'A new business-spiritual model'

A new business-spiritua

By
December 17, 2009 12:26
arison 248.88

arison 248.88. (photo credit: Ariel Jerozolimski)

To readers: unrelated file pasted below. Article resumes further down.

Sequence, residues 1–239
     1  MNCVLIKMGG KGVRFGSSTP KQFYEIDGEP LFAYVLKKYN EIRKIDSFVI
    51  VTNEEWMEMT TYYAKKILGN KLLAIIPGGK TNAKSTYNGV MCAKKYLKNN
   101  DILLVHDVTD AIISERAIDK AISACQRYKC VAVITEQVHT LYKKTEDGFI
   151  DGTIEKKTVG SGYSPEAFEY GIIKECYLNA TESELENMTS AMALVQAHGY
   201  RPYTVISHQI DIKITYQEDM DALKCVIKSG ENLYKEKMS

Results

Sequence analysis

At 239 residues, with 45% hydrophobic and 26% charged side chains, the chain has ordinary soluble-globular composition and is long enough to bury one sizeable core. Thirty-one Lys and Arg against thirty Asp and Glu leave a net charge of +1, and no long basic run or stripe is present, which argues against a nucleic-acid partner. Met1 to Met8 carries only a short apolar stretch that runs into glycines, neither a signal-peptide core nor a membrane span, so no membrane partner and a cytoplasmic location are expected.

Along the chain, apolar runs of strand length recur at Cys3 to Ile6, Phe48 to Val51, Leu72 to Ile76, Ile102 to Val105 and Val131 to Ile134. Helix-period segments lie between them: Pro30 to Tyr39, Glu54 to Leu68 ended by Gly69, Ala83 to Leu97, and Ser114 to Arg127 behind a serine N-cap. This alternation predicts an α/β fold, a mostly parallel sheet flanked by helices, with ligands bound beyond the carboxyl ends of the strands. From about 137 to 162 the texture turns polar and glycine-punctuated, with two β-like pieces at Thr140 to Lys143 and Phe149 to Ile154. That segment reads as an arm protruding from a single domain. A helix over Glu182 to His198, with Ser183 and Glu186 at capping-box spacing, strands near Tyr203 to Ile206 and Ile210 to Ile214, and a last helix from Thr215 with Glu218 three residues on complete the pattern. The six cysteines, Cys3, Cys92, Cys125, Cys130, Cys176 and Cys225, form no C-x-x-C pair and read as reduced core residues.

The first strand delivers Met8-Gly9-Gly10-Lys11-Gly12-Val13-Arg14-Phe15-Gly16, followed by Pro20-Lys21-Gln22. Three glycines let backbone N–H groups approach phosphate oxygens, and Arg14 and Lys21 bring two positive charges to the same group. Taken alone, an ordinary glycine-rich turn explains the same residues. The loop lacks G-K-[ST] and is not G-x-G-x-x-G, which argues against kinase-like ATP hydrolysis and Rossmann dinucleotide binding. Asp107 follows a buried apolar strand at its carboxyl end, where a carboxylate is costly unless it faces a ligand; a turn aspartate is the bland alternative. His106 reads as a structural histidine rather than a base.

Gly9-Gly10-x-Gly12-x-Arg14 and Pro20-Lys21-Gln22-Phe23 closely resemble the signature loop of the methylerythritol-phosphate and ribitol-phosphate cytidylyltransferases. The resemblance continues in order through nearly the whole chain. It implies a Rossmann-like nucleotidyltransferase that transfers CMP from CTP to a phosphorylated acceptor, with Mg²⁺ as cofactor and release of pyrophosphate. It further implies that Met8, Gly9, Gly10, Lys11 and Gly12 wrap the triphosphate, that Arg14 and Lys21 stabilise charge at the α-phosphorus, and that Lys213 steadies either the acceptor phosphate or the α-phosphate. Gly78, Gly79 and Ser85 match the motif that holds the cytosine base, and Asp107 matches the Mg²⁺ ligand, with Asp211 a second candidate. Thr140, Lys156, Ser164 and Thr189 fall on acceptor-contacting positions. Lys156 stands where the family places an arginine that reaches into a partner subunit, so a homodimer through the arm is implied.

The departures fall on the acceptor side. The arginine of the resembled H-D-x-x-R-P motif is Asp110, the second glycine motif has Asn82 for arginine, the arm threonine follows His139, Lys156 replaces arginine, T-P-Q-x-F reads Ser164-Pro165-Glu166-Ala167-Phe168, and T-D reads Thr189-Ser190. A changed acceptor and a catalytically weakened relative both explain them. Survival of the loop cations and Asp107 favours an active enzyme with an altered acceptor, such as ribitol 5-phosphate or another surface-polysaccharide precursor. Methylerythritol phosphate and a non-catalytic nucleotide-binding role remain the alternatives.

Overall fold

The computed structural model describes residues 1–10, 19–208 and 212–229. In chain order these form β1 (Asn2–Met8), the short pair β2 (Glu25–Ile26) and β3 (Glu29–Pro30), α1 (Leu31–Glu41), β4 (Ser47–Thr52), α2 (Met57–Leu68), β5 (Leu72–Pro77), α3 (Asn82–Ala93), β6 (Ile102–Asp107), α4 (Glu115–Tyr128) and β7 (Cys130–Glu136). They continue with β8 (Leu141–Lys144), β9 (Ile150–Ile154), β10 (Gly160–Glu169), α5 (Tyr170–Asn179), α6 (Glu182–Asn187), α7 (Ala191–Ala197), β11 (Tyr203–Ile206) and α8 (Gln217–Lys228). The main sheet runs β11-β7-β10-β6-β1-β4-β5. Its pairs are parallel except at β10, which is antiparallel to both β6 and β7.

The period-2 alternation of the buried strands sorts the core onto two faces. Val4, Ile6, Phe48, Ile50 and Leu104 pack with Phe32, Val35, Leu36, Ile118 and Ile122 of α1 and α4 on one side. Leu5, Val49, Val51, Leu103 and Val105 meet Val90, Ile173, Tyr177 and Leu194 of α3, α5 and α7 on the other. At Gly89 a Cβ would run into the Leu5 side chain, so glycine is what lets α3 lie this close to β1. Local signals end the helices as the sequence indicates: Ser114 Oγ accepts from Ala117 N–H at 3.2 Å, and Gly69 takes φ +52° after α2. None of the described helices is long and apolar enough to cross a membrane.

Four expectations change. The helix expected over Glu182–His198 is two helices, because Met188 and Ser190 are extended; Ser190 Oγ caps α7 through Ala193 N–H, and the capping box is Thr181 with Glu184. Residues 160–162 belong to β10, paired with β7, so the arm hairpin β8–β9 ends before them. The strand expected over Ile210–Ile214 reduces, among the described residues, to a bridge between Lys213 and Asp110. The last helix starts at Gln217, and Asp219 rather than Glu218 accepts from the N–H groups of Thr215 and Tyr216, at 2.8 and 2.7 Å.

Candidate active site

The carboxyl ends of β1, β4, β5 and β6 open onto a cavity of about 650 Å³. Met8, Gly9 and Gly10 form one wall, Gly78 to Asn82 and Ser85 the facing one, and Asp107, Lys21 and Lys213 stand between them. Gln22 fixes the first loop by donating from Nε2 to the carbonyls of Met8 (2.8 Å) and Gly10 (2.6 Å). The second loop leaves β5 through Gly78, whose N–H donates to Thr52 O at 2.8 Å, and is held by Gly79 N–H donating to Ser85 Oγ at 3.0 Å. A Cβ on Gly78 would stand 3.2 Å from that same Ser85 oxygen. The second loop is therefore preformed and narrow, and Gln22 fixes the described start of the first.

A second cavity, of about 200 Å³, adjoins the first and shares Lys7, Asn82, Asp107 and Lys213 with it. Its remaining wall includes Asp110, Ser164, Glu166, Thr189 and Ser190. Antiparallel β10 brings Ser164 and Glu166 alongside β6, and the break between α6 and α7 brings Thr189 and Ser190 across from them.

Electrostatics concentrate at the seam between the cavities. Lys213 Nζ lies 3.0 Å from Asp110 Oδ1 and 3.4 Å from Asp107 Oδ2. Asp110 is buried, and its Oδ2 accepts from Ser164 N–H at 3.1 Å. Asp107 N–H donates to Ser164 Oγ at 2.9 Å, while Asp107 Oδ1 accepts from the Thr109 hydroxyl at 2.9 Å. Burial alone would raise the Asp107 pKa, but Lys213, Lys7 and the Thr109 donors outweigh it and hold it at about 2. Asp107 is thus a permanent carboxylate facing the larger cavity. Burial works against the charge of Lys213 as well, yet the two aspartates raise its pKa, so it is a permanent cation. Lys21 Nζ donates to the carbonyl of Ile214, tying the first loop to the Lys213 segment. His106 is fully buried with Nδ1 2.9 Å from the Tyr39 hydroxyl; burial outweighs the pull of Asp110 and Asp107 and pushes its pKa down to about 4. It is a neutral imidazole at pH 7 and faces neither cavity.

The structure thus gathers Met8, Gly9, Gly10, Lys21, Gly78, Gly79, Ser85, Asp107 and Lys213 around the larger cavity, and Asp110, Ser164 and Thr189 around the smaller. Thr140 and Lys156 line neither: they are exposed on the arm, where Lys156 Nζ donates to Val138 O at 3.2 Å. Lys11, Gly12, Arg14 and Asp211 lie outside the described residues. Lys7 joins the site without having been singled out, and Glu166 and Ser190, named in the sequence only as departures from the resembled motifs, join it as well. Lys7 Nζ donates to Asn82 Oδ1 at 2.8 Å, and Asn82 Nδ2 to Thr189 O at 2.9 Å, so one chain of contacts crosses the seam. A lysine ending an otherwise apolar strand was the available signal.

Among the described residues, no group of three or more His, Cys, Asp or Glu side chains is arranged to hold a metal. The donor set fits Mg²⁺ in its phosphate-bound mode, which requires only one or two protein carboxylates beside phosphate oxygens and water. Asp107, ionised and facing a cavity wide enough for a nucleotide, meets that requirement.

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'Give me a fulcrum and I shall move the world," a glossy pamphlet put out by the Arison Group quotes the great mathematician of antiquity, Archimedes. The ancient Greek was speaking of mechanical leverage, but leverage of any sort is not something the group's chairwoman, Shari Arison, the Middle East's richest woman, is short of, and moving the world is her aim. Like Thomas Paine who saw in the American Revolution a chance to apply to reason and liberty what Archimedes had said of the mechanical powers, Arison sees in the current financial crisis an opportunity for change. But while the metaphor is scientific, the vision is very much New Age. Arison, the multibillion dollar heiress of the the shipping magnate Ted Arison, met with The Jerusalem Post ahead of the US publication last month of her book, Birth: When the Spiritual and the Material Come Together. The Hebrew release of the book several months ago, which includes claims of visions of the future and messages received from above, was greeted with amusement and bemusement by the press, but Arison brushes those critiques aside with the new-found confidence of someone who describes herself as "transformed." "Resistance to change is only natural," she says. The important thing, says Arison, is how the man on the street reacts to her message. "I receive thousands of letters," she says. "People stop me walking down the street, at cafes, in movie theaters. They tell me they've read my book, that it meant a lot to them, that they are taking it into their own lives." Her message and her purpose, Arison says, are to reveal what she calls "a new business-spiritual model." One that she explains "will enable individuals, companies and even states and nations to transform the collapse all around us into change, and to bring together the spiritual and the material, and from this meeting, give birth to a new future." How does one bring the spiritual and the material together? Well I think it's really important for people to understand that the two are not separate. People always viewed the material world, be it business, fashion or whatever, as a whole separate world, while the spiritual world was left to the rabbis and the gurus. But today more and more people are finding that nothing is separate and everything is connected. We as humanity are connected, we are all one people, living on one planet, and everything is interconnected. So you can't really separate the two entities. What I have tried to do in the book is to present my own spiritual path and my business and philanthropic path and to show how I brought them together. And how it is vital for the future that people act, work and live in that way. How is that vision enacted by the Arison Group? The vision of the Arison Group is to secure human existence. When I looked at the vision, I decided to look at all the different businesses and philanthropic organizations and see what contributes to that vision. So when I looked at Shikun & Binui (Housing and Construction), the most natural thing was sustainable building and energy efficiency and that's what they're doing today. At Bank Hapoalim I asked myself what is the strong suit of the bank? The strong suit of the bank is financial knowledge, so why not give people the tools to reach their own financial freedom? When I talk about financial freedom, what I mean is that if people have the knowledge and have the tools to make better, more responsible, financial choices, then they will prosper. I think the bank on the one hand needs to take responsibility, but also to give tools to the customer so that they can take responsibility and make better decisions. It is a vision of partnership as opposed to the strong versus the weak. I feel this is a breakthrough vision, and it's a vision that I'd like to lead worldwide. When I started explaining this vision, it was before the collapse and nobody understood what I was talking about, but I think that in the wake of the financial crisis people understand what I'm talking about. But Bank Hapoalim wasn't exempt from losses in the crisis; it invested in the same mortgage-backed securities that everyone else invested in. Well I think back then nobody understood what I was talking about. Today not only do they [management] understand, but they are very much involved and they implement it inside the bank. How is your vision channeled down to management? My way of explaining my vision is through the chairman and the directors. Like I said, a few years ago people didn't really get it. I can tell you that, today, management is very much understanding, very much involved and very much wants to implement this vision at the bank. At Hapoalim you clashed with the regulator over his demand that you dismiss the bank's chairman, Danny Dankner. Well, basically it's a question of values and standing behind my values, and that's what I did. The whole issue is behind us now; there is a new chairman, a new CEO. Danny's working for me in the group [as CEO of Arison Investments]. So I'm looking to the future. But what I did basically was value based. Did you feel in any way you were endangering the bank by clashing with the Bank of Israel? No, what I feel is that the world has endangered the financial system because of a lack of values. I believe that in the long term what is going to help everybody is people who are honest and transparent and deal with business on a value base. So my feeling is quite the opposite. ARISON IS well aware of the animosity that can be aroused by banks. "Many people hate banks and do not understand why they need to pay them," she writes. However, she has no intention of dumping the jewel in the crown of the Arison Group's holdings - one that yielded a net profit of NIS 425 million in the third quarter of 2009 - to concentrate on holdings that would be more easily seen as being synergistic with her vision of an economy that is built not only "on profits and the bottom line." Isn't the bank a very problematic holding, one that is always going to be liable to draw fire? I think that when you try to create change, in no matter what field, there is going to be resistance. I think if you look through the course of history, anyone who came along with any kind of breakthrough got ridiculed. If you look at anyone who came with something new, that's what happened. So yes, I'm coming with a lot of breakthrough visionary ideas so I expect that. In terms of the way you brand yourself and the way you are perceived, wouldn't it just be easier to get rid of the bank and concentrate on fields like sustainable energy? You talk about sustainable energy, but even there it took 10 years for people to figure out what I was talking about. If it wasn't for Al Gore's movie An Inconvenient Truth, I'd probably still be explaining the issue. So again we're trying to lead people to a better place, to something new. That's not easy, but it's very rewarding when you see things happening. When I came up with the idea of Matan [an organization that helps businesses give back to the community]: Your Way to Give, what did I want to do? I wanted to give to the community. But the reaction was, 'Why should we give to the community?' Because all they [the business community] thought of was profit; they didn't think about giving back. Today it's a natural. So you can look at things today and say, well that's easy. But 12 years ago it wasn't easy. I remember a huge amount of resistance. Do you think the business community is giving more these days? Oh, definitely. That was not the norm 10 years ago, and now all businesses and all wealthy people give to the community. In the past it was very different; it used to be that Israel was a place where people expected the money to come from Diaspora Jews, that was the norm. You didn't hear about Israelis giving. Yes you had the Shirutrom on the radio and various other projects, but you didn't have the type of giving you have today. Everything is a process. Making a change takes time. Things don't change overnight. For instance, when I came out with the idea of Good Deeds Day it was just an idea, and now three years later not only were there 20,000 volunteers but there was worldwide coverage. On the issue of philanthropy, many of the world's mega-wealthy are giving huge sums of money these days. People like Bill Gates, Warren Buffett, George Soros. But they are aiming toward more specific goals such as eradicating disease, education, etc. You seem to be devoting your resources to trying to effect some kind of universal change. That's correct. I think in everything I have done I have always wanted to create change. In other words, the philanthropy has always been based on listening to the community. On not only a matter of what I want, but to be very aware of what's needed and then to give the tools for what's needed to upgrade quality of life and really create transformation. I think that you can't only give in a way that perpetuates the cycle. I've always felt that it's more important to educate, to give tools, to give training, to do anything that's possible so that people can empower themselves. So whether it's an organization I'm giving to, or a building I'm building, or giving to an individual, to me it's the same values - to give the tools for people to upgrade themselves. I could use a story that my son always uses to explain it and that's if we're all sitting in a row boat and one person makes a hole in the boat, then we are all going to drown. That's how I see the world. We need to understand that we are all connected and that if we want there to be a change, then we all need to be part of it. Do you see it as a failing of government that society relies so heavily on philanthropy? I tend to look at what's good and helpful and what I can contribute to the world. I think that any time we focus on the bad stuff it just grows. It creates more and more negativity in the world and so I don't focus on that. No. 1, I'm not in politics; I would never judge anyone, not a person, not a politician, based on what I see in the media because I'm not involved. I don't see what is going on behind the scenes. I can only judge what I'm doing and what I want to contribute. In the book you speak of receiving messages that you will be a leader. How will that manifest itself? Do you have political aspirations? I guess we are talking about different interpretations of leadership. My view of leadership is generating a new kind of dialogue, of generating change. That is something that I've done and that I'm doing. To me that is leadership. It doesn't have to be political. I don't want to be in politics; it's not my thing. You talk about bringing people closer to God. Can you tell us how you see what that means? I guess the bottom line would be No. 1 for people to connect to themselves. Each one of us has an inner spark, so if you connect to yourself, you connect to God. It's basically connecting to goodness, to caring, to creating a better world. Transformation is one of the major themes of the book. Where are you today compared to where you were previously? First of all I think change happens constantly. To me the transformation within me was being more and more aware of myself, more and more aware of what I am and more and more aware of what I want to be. All of us have pros and cons; all of us have good and evil; we all have all of it inside of us. It's a matter of what we choose. But in order to choose, we have to be aware of what's going on inside of us. Isn't working on transformation, working on oneself, something that requires leisure time, something that requires means? You don't need leisure time to smile. That to me is a good deed, because if we would smile at each other and be more positive with each other, then we are creating a different environment. It takes just the responsibility and the will for someone to do that. I always say that the first step to helping oneself is to want help. Yes if you have the time and the money and the capability, you can take workshops and buy books, but people can get information on the Internet. If someone asks for help, they can get it. In other words, it's very easy to say what's not possible and to judge. Unfortunately, it's more difficult for people to say "it's in my hands, it's my responsibility and if I want to make the difference, and if I have the will to do it, then I can do it." But someone in your position has a far greater ability to effect change. Definitely, I have received a platform where I can make a difference. Then again that was my choice. I could have looked at the businesses and the philanthropy in a very conventional, old-fashioned way and cared only about making money. Instead I decided that I want to take all of my businesses and see how I could transform each one to giving value to Israel and the world. So I've done that piece by piece in every single organization, in every single business. At each business I want to take whatever they're strong at and change it into something where they can contribute. For example, at Shikun & Binui instead of just building roads, instead of just building communities, we are building in an environmentally friendly way. I thought we could take a business and transform it, so that it's still going to make money but it's also going to do good for the world.